This paper examines current issues with sustainable funding for grid-bounded infrastructure and proposes that in order to find a first-best solution to these problems, we have to think outside the box. Focusing on a case study of the Mass Transit Railway (MTR) in Hong Kong, the author proposes a business concept that could provide a model for the sustainable self-funding of other infrastructure projects in other contexts. The author argues that, under certain circumstances, all the fixed costs of public investments (including social infrastructure) could be covered by land rents.

Executive Summary

Grid-bounded infrastructure constitutes the arteries and veins of economic systems,channeling material flows from the cradle (resource exploitation) to use and finally to the grave (disposal sites). However, from an economic standpoint, grid-bounded infrastructure has the features of a natural monopoly. The result is a marginal cost paradox: Although marginal cost pricing of infrastructure services is welfare optimising, it cannot cover the full costs. The problem is lack of coverage of the fixed costs share, which may amount to some 70–80 percent of the full costs in many cases. In this regard, economists developed a series of second-best solutions, which all have some disadvantages and shortcomings. In order to find a first-best solution, we have to leave the beaten tracks.

Regarding railway services, a striking example of an alternative design is the Mass Transit Railway (MTR) in Hong Kong. This business model is based on two pillars: rail and development. This means the company acts not only as a railway operator, but also as a real estate company. Before a new track is constructed, the company buys the land around the future terminals under favourable conditions. In doing so, MTR benefits from value capture around the terminals. This capture of value and land rents makes it possible to cover most of the fixed costs and to gear the transport fares towards the marginal costs. As a result, unlike other railway companies, the MTR is highly profitable and is considered one of the best railways in the world. The business concept of MTR is nothing other than a microeconomic application of the Henry George principle, according to which, under certain circumstances, all the fixed costs of public investments (including social infrastructure) could be covered by land rents.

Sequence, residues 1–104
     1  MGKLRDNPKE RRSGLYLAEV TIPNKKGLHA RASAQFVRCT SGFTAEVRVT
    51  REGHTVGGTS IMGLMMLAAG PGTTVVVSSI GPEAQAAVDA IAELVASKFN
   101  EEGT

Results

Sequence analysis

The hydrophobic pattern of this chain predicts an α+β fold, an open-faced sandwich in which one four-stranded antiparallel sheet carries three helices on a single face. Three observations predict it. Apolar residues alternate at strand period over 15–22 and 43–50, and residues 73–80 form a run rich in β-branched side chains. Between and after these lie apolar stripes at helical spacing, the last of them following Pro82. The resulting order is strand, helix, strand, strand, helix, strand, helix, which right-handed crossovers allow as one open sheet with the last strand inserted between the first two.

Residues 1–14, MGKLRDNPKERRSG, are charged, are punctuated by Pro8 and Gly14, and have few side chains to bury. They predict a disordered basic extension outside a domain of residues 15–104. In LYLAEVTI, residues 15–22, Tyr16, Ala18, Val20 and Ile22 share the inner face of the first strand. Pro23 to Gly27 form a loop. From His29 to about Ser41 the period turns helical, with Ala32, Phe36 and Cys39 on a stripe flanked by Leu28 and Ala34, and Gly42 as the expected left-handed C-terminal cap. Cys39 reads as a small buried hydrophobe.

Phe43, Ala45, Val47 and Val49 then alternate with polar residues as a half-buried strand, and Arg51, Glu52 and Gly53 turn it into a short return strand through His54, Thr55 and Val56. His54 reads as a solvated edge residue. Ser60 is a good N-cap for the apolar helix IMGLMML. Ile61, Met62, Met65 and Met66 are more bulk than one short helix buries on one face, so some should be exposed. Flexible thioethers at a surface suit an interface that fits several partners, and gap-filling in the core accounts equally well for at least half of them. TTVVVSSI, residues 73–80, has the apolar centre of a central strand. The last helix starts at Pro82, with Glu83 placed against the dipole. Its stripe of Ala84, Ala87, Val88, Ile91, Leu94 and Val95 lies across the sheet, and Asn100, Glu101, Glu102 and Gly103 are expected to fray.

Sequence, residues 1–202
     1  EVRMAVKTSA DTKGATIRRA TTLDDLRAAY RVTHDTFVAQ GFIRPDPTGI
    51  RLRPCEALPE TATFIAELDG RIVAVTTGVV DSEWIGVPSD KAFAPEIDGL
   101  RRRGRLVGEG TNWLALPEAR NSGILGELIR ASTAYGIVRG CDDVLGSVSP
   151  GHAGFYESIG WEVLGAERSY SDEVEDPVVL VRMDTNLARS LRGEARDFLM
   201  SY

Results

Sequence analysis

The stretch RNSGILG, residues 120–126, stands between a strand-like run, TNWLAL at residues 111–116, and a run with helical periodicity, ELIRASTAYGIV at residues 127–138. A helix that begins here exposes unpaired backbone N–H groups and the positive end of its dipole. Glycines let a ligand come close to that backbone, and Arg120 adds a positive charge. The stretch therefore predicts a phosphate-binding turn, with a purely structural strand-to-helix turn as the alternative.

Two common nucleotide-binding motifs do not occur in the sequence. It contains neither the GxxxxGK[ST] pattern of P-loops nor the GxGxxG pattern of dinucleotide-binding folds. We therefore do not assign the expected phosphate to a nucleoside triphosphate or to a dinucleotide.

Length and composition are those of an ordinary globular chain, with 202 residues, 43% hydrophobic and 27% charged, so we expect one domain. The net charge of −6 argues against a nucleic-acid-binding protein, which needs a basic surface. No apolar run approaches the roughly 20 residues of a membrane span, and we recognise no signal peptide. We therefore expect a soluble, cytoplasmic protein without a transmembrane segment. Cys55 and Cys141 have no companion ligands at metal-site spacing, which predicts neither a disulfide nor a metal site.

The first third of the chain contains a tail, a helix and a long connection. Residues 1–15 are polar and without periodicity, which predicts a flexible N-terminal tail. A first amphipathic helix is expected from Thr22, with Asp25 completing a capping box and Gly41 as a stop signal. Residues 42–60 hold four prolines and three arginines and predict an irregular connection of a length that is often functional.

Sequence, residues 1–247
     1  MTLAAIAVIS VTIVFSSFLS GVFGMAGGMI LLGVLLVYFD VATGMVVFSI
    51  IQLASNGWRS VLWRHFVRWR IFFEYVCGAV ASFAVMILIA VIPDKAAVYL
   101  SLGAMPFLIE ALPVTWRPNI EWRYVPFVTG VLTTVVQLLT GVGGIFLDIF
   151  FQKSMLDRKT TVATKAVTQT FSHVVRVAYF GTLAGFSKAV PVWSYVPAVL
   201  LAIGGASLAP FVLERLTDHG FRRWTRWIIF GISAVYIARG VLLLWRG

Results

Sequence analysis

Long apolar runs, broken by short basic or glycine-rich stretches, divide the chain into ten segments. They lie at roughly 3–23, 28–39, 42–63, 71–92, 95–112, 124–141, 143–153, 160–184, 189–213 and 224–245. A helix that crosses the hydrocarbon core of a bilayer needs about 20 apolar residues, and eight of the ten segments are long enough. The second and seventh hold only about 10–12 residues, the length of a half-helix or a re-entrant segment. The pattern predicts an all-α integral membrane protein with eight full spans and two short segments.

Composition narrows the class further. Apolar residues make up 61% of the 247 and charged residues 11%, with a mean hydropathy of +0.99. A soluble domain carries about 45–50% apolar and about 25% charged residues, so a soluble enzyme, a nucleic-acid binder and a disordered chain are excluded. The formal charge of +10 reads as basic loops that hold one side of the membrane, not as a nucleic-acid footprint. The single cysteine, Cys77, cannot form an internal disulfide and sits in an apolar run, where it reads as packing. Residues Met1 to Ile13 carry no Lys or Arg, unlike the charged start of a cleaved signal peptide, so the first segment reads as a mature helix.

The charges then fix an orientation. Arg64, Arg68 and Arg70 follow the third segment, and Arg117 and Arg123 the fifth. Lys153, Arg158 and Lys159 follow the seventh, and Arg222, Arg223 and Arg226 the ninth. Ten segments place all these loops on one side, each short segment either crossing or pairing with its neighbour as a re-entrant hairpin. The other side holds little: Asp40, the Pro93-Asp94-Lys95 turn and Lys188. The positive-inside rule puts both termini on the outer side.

The views and opinions expressed in this publication are those of the original author(s) and do not necessarily represent or reflect the views and opinions of the Dialogue of Civilizations Research Institute, its co-founders, or its staff members.

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Dirk Löhr
Jahrgang 1964, Professor für Steuerlehre und Ökologische Ökonomik an der Hochschule Trier, Umwelt-Campus Birkenfeld. Promotion über Unternehmensbewertung, Habilitation im Bereich der Sozialökonomik, Sprecher des Center for Land Research (ehem. Zentrum für Bodenschutz und Flächenhaushaltspolitik), Vorsitzender des Aufsichtsrats der Energiegenossenschaft IfaS e.G., nebenberufliche Tätigkeit als Steuerberater in einer Heidelberger Kanzlei, mehrjährigefreiberufliche Tätigkeit als Consultant für die GTZ (nunmehr GIZ; Sicherung der Landrechte in Kambodscha), Mitglied im Gutachterausschuss für die Ermittlung von Grundstückswerten des Landkreises Birkenfeld bzw. des Bereichs Rheinhessen-Nahe (vierte Amtsperiode), Mitglied des Oberen Gutachterausschusses Rheinland-Pfalz (seit 2014), Dozent in der Sprengnetter Akademie (Immobilienbewertung), langjähriger Vorsitzender der Sozialwissenschaftlichen Gesellschaft 1950 e.V., Vizepräsident (Deutschland) der International Union for Land Value Taxation. Vor der Berufung als Professor (Ende 1997) Kaufmännischer Leiter des Regionalbereichs Mitte/ GB Fernverkehr der Deutsche Bahn AG (Frankfurt a.M.) und Aufsichtsratsmitglied in der DB Dialog GmbH (Schwerin). Zuvor (bis Ende 1995) Prokurist der IFA Hotel & Touristik AG. Leitung des Konzern-Controlling und des Konzern-Rechnungswesens, Management der Börseneinführung in den Amtlichen Handel der Wertpapierbörsen zu Frankfurt und Düsseldorf, Zuständigkeit für Investor Relations. Veröffentlichung einer Reihe von Artikeln in Fachzeitschriften u.a. zu den Themen Eigentumsrechte, Rentenökonomie, Land Use Management und Grundsteuer.